2013 NMU Football Position-by-Position Season Preview: Running backs

MARQUETTE – The Northern Michigan University football team learned last season you can never have too many running backs.

The Wildcats lost leading rusher Prince Young to a suspension and three others – Wyatt Jurasin, Keon Collier and Trever Kruzel – to season-ending injuries.

Once again, the Wildcats’ backfield finds itself being tested after the last back standing in 2012 – senior Casey Cotta – was lost two weeks into training camp with a torn Achilles.

This time around, head coach Chris Ostrowsky is more than ready to absorb whatever may come his way at running back.

“It’s a talented group, no question about it,” Ostrowsky said about the backs prior to the preseason. “When you look at a successful football program, there’s never just one (running back). That’s a pound-it-out position.

“That’s a place where you just get pounded. It’s one of those deals where you better have more than one.”

Senior quarterback Cody Scepaniak is the Wildcats’ leading returning rusher from 2012 after gaining 479 yards on 104 attempts.

That came after the loss of Young’s 545 yards to graduation and Cotta’s 398 yards in five games to injury.

Northern wouldn’t mind seeing Scepaniak put up even more yards on the ground this year in starting all 10 games instead of only five. But running backs coach Brian Mitz said its time for the Wildcats’ rushing attack to grow beyond the quarterback position.

It’s the only way the passing game can progress after back-to-back seasons in which the QB was the team’s second-leading rusher to Young, and back-to-back-to-back years of being in the bottom half of the league in rushing offense.

“It’s got to evolve this year,” Mitz said about the ground attack. “Once you have a great running game, you’re going to have a great passing game.”

With Cotta done, Northern will lean on Jurasin, a 6-foot-1, 227-pound sophomore out of Ishpeming High School, and Collier, a 5-8, 172-pound redshirt freshman.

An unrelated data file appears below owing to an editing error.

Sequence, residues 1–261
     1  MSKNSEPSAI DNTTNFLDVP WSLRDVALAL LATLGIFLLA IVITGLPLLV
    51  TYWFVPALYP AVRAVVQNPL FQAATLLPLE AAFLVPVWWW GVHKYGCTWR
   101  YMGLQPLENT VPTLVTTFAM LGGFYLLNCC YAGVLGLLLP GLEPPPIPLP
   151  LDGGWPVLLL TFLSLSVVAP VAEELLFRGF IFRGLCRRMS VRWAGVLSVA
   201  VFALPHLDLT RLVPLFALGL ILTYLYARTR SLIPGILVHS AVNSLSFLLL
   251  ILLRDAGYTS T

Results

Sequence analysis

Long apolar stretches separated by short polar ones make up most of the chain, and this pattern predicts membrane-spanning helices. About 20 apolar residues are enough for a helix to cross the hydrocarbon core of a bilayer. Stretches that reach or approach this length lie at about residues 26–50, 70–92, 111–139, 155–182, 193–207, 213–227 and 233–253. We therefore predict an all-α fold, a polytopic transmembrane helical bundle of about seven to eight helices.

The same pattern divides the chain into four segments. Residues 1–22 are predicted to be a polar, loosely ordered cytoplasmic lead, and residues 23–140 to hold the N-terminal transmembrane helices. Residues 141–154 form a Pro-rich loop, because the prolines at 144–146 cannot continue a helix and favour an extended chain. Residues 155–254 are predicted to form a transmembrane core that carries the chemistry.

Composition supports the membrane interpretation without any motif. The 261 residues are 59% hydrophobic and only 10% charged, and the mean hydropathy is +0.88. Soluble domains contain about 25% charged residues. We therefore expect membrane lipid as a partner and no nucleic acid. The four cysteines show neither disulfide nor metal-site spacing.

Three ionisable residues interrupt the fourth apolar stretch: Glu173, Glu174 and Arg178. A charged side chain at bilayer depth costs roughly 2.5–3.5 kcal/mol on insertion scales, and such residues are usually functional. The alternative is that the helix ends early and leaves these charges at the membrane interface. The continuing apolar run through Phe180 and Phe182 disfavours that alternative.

Collier only appeared in two games last season as a true freshman, but finished fourth among his teammates in rushing.

He netted 75 yards on nine carries, and 30 yards on two catches, at Findlay (Ohio) in Week 1 and before breaking his leg in Week 2 against Wisconsin La Crosse, when he had 32 yards on five carries.

Ostrowsky said Collier is back to being the player he was before landing in a cast. Mitz forecasts the upside of Collier to be tremendous moving forward.

“He’s more confident than ever,” Mitz said about Collier. “So far this camp, he has excelled with his speed. It’s lightning fast.

“You can’t tell where he is behind the line of scrimmage and then all of a sudden, he bursts through the line and is going.”

Jurasin was just transitioning from linebacker to running back early on last season before injuries sidelined him. He’ll now be expected to shoulder most of the “battering ram” duties that would have originally been shared with Cotta.

True freshman Connor Schrader, at 5-8, 211-pounds, will also get some time in those situations.

If it’s all on Jurasin, however, the staff is OK with that. According to Ostrowsky and Mitz, no one had a better spring and summer leading into the preseason than Jurasin.

“Wyatt Jurasin is having an amazing camp,” Ostrowsky said. “He’s big, he’s fast, he’s strong. He does everything we ask him to do.

“He’s playing at a level that’s really high right now. He’s truly a 225-pound tailback. He hits it hard downhill.”